This volume presents a series of chapters about the Great War and memory in Central and South-Eastern Europe which will widen the insufficient and spotty representations of the Great War in that region.
The contributors deliver an important addition to present-day scholarship on the more or less unknown war in the Balkans and at the Italian fronts. Although it might not completely fill the striking gap in the historical representations of the situation between the Slovene-Italian Soca-Isonzo river in the North-West and the Greek-Macedonian border mountains around Mount Kajmakcalan in the South-East, it will add significantly to the scholarship on the Balkan theatre of war and provide a much-needed account of the suffering of civilians, ideas, loyalties and cultural hegemonies, as well as memories and the post-war memorial landscape.
Oto Luthar and Nikolai Vukov: Introduction: Beyond a Western-Centric Historical Interpretation of the Great War
1 Oto Luthar: Men Who Marched Away: WWI in the Memories of Slovenian Soldiers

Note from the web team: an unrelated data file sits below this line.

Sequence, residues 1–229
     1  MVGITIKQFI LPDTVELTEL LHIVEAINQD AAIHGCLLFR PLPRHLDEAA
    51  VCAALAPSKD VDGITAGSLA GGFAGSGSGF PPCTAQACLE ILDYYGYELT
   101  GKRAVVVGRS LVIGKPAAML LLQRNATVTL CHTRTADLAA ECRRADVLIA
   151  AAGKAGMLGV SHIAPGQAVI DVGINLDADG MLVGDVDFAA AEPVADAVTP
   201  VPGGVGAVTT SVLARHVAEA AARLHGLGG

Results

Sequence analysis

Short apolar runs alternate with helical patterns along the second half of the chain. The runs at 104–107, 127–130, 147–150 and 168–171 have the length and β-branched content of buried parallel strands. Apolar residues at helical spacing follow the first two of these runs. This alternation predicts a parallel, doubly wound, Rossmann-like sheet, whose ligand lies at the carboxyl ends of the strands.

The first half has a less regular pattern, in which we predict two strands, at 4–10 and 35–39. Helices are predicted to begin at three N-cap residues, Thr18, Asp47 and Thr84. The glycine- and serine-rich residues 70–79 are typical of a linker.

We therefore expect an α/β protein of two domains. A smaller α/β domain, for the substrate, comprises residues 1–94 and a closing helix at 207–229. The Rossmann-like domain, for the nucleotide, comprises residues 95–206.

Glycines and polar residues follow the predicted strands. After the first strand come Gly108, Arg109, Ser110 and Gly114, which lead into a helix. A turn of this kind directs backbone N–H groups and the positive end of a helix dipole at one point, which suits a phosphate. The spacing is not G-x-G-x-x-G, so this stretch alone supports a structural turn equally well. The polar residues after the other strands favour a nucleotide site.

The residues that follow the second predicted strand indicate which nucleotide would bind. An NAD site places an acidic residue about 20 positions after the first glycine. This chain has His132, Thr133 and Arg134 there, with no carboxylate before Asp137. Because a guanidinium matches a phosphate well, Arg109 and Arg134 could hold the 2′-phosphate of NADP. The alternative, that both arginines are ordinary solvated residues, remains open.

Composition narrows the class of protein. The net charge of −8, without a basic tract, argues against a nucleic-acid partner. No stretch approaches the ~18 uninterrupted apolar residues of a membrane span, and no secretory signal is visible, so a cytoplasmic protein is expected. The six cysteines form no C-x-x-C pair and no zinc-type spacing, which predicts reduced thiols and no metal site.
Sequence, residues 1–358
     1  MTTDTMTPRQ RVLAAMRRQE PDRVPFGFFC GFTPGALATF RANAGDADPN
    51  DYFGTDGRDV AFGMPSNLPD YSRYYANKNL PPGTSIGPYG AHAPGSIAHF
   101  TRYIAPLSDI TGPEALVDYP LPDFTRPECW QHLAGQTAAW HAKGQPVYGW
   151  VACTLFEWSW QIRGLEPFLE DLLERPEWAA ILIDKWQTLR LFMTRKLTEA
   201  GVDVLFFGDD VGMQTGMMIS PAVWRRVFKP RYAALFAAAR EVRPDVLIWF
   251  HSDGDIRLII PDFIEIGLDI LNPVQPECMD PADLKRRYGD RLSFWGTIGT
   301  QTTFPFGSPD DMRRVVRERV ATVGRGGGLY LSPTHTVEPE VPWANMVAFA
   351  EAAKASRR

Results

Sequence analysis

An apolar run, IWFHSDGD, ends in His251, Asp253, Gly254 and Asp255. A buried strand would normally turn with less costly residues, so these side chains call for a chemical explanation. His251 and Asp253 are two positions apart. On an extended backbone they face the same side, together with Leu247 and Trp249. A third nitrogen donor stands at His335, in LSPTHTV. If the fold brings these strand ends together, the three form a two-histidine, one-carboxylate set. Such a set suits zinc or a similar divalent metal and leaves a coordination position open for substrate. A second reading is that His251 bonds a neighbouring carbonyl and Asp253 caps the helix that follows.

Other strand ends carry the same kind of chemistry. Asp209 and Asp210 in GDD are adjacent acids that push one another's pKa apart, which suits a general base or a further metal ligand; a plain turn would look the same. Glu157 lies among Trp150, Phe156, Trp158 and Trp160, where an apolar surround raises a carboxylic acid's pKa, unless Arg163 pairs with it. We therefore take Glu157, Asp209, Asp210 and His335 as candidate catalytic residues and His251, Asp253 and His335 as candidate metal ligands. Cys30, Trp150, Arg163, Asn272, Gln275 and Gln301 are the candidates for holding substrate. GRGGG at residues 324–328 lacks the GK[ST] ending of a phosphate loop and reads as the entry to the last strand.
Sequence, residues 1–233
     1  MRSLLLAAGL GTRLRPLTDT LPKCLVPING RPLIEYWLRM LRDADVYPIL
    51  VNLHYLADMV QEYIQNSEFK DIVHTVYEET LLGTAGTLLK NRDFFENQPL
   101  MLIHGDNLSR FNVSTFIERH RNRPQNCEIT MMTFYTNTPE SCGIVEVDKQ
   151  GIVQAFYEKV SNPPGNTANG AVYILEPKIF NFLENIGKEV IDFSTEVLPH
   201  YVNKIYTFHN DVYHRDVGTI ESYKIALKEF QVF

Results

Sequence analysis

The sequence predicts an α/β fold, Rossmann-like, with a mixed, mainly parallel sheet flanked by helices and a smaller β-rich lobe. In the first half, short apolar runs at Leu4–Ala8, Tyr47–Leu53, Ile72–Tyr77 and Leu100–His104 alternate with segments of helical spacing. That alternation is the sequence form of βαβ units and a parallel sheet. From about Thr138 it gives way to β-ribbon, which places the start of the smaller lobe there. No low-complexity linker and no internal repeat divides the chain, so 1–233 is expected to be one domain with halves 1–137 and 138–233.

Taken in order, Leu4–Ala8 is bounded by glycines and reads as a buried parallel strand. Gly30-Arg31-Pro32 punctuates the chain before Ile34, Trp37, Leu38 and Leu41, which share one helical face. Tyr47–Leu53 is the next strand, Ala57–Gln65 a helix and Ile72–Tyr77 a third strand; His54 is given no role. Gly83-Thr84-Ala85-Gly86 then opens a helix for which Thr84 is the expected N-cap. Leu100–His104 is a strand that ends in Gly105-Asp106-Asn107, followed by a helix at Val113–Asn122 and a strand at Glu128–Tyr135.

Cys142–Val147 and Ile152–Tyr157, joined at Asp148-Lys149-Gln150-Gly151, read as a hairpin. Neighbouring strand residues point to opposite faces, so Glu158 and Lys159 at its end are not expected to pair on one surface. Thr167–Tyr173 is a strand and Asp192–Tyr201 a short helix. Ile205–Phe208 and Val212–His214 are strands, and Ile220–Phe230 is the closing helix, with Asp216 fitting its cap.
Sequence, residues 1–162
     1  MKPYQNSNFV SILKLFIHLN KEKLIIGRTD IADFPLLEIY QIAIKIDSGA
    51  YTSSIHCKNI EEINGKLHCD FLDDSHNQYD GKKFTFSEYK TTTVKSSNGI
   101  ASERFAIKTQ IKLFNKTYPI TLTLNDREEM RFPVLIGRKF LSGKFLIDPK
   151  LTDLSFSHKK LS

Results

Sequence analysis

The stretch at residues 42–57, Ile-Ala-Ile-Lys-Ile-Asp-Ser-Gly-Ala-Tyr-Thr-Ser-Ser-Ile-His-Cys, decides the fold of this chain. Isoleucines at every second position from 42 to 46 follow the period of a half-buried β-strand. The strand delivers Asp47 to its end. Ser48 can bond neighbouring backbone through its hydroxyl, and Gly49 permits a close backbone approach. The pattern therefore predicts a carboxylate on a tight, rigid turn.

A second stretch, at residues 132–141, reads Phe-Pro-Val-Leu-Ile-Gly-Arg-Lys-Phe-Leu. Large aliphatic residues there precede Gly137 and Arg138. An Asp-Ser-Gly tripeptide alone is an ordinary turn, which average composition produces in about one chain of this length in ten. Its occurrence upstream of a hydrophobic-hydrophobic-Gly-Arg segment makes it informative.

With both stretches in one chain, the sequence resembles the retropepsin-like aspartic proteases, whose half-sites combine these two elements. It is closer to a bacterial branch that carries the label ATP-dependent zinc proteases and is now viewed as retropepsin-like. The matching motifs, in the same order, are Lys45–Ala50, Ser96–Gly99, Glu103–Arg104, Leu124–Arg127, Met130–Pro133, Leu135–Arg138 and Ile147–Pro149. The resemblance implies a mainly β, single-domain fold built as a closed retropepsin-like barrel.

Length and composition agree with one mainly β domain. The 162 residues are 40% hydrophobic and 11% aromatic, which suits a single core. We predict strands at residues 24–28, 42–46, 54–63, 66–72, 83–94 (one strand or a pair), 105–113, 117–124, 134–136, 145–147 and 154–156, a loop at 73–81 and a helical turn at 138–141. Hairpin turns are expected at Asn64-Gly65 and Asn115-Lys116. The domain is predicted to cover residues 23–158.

2 Ignác Romsics: War in Puszta: The Great War and the Hungarian Peasantry
3 Daniela Schanes: Between Reality and Imagination: Changing Memories of the Serbian Theatre of War
4 Olga Manojlovic Pintar and Vera Gudac Dodic: “An Ugly Black Night”: Remembering the Austro-Hungarian Occupation of Serbia 1915–1918
5 Ahmed Pašic: Bosniaks in WWI: Loyal, Obedient, Different
6 Vijoleta Herman Kauric: Caring for the Wounded: Zagreb Military Hospitals in WWI
7 Katharina Wesener: Internment in WWI: The Case of Thalerhof
8 Fabio Todero: War and Memory: The Fascist Instrumentalization of the Italian Front
9 Silviu Hariton: War Commemorations in Inter-War Romania: Cultural Politics and Social Context
10 Nikolai Vukov: Commemorating the Dead and the Dynamics of Forgetting: Post-mortem Interpretations of WWI in Bulgaria